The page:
Astronomy: Timothy Ferris eyes the amateur asteroid-watchers.
During a week of attempting to cloak every aspect of daily life, our correspondent found that in an information age, leaving no trace is nearly impossible
More scientists need to recycle this noble gas.
Spider-Man's robotic twin takes the hassle and expense out of building inspections
Sit back while The Matrix Reloaded boots up the next generation of virtual filmmaking.
Mix some drinks and listen in as PopSci's editors discuss privacy rights, space kimchi and more
New tech could bring closure for the families of 500,000 missing people
It could help diagnose psychiatric conditions
Full body, nearly real-time imaging is here.
Time is subjective.
Confidence in math early on differs by gender and plays a key role in future success.
Our editors scrounged up some truly bizarre facts.
In a wide-ranging interview with PopularScience.com, Aldrin talks about a mission to Mars, 34 years of sobriety and the future of American leadership in space.
Apples are weird. Here are their weird names.
Scientific organizations worry that a movement to grant more rights to pets could spill over to mice and lab rats.
It might not (just) be foul play.
24/7 trackers give researchers insight into how mice mate, form social hierarchies, and more. Behold the rodent equivalent of 'Big Brother.'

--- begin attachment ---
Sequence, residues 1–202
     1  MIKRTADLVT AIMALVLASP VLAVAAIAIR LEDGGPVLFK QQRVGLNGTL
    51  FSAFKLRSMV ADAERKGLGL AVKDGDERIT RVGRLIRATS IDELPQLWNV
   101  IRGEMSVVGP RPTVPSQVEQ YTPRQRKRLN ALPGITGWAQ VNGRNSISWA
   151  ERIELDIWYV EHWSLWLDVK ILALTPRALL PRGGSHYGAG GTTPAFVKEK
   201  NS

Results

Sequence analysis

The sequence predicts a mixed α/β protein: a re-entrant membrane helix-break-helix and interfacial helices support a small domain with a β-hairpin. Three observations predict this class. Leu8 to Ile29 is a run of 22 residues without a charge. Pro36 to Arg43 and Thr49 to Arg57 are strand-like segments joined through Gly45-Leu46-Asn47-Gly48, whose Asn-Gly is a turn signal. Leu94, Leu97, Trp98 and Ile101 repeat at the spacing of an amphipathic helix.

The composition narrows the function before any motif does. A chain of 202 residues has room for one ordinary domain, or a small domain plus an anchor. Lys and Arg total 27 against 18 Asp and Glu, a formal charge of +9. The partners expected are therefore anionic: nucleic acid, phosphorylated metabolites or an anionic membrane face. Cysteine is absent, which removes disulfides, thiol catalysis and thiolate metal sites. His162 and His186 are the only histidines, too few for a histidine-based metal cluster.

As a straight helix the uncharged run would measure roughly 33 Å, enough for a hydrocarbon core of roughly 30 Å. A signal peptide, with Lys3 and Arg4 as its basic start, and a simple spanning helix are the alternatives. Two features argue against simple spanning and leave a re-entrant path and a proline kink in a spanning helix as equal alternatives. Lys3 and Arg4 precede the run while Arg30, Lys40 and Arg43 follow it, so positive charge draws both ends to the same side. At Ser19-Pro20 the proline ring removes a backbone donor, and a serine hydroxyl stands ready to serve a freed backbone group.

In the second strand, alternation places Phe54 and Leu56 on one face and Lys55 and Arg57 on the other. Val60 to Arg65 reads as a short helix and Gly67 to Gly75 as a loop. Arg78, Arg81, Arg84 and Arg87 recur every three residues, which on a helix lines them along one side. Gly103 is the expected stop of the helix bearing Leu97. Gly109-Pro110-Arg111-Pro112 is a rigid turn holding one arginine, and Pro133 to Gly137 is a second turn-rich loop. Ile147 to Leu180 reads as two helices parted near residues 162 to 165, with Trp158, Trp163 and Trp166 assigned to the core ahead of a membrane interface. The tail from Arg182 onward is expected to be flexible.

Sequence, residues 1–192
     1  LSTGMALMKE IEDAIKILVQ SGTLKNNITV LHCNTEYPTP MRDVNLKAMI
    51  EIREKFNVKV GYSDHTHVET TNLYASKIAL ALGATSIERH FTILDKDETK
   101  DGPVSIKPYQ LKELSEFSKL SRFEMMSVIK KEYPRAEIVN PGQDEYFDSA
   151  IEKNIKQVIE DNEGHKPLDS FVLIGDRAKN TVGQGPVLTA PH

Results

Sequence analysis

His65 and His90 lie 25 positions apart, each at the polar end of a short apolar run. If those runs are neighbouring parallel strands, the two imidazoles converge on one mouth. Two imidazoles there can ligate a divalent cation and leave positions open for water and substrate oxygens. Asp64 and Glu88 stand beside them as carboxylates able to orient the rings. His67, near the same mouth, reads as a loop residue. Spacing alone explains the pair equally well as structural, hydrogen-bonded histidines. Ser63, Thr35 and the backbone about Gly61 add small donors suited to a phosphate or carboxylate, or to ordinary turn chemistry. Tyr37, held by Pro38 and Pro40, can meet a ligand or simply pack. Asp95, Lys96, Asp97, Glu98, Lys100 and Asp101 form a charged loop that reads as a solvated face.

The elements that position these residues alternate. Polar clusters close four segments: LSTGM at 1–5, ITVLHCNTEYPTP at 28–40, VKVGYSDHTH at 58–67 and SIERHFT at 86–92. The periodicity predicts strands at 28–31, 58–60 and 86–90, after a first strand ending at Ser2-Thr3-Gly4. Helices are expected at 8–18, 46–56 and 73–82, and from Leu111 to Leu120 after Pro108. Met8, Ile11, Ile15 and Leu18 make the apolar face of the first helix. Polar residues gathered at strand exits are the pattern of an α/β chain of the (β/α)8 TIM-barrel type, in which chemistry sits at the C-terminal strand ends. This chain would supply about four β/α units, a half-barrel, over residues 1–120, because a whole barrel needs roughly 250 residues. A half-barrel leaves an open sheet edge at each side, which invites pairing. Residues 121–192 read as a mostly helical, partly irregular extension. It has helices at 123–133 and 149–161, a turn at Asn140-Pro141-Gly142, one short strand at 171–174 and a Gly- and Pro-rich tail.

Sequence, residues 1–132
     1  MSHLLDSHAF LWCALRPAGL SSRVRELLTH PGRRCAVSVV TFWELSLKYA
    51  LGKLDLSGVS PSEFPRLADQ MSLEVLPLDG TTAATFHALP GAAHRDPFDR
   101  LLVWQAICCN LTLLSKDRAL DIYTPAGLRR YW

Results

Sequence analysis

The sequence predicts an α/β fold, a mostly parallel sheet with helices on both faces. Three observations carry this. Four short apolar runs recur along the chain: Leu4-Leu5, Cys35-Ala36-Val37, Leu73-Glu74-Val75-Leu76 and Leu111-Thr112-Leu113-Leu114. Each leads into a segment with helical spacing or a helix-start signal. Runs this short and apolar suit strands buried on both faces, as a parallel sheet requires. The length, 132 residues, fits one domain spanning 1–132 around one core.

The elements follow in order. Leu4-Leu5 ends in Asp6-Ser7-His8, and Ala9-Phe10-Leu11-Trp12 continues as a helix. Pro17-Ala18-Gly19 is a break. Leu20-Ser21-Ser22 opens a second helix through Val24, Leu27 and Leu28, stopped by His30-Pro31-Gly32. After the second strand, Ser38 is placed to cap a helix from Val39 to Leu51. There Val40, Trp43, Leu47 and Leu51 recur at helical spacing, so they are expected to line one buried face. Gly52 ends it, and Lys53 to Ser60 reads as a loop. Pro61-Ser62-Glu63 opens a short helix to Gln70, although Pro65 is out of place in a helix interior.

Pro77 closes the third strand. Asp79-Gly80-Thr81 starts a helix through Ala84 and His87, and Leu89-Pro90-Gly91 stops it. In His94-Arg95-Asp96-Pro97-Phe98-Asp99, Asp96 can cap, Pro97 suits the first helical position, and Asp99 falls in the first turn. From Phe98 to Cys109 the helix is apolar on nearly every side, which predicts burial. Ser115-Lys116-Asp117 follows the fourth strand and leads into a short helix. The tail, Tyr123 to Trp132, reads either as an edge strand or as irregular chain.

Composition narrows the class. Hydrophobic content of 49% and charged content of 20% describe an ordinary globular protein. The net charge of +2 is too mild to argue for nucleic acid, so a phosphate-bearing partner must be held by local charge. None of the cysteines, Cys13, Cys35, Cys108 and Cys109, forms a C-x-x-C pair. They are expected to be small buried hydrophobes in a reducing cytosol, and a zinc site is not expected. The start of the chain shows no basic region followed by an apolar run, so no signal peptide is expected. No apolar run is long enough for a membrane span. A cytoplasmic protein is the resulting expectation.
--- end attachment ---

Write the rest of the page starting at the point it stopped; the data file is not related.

Entangled particles remain linked over 746 miles apart
A childhood without affection can be devastating, even if basic needs are met.
This year, shop SciMall for glowing rodents, animal guillotines, and more
Well, probably, but how can you tell?
In a highlight of last week's conference, Gates calls for zero emissions and agrees with Obama: We need nukes
Traditional chicken, beef, and pork production devours resources and creates waste. Meat-free meat might be the solution.
From chimp to chip
The new fossil is intriguing, but paleontologists have better ways of judging a dinosaur's smarts
What scientists learn about animal cognition helps unravel the mysteries of intelligence.
What makes a maze, anyway?
Both the Atlantic and Pacific areas saw a record number and intensity of storms.
How to build a subway in the Eternal City.
They may be slow, but they cover entire football fields if left to their own devices.
Playing with time.
But you'd be forgiven for thinking otherwise.
Excerpt: Good Enough
What to do when someone seems to know too much about you
Scientific justice for maligned critters
Capable of charging in a matter of minutes and powering an electric car for 300 miles, the ultracapacitor could power tomorrow's electric cars
A man-made, pure-white compound called Oxycyte carries oxygen 50 times as effectively as our own blood. Researchers are betting that itâ€™s the best way to treat Americaâ€™s leading cause of accidental death: traumatic brain injury
Out of the wild
Zoonotic diseases can go from us to them.
Early-stage medical studies tend to use more male animals than female ones. That's bad for the human women who ultimately take these drugs.
The science shows that fish use tools, feel pain, have long memories, and deserve better treatment from us.
Help scientists by pretending to be a mongoose.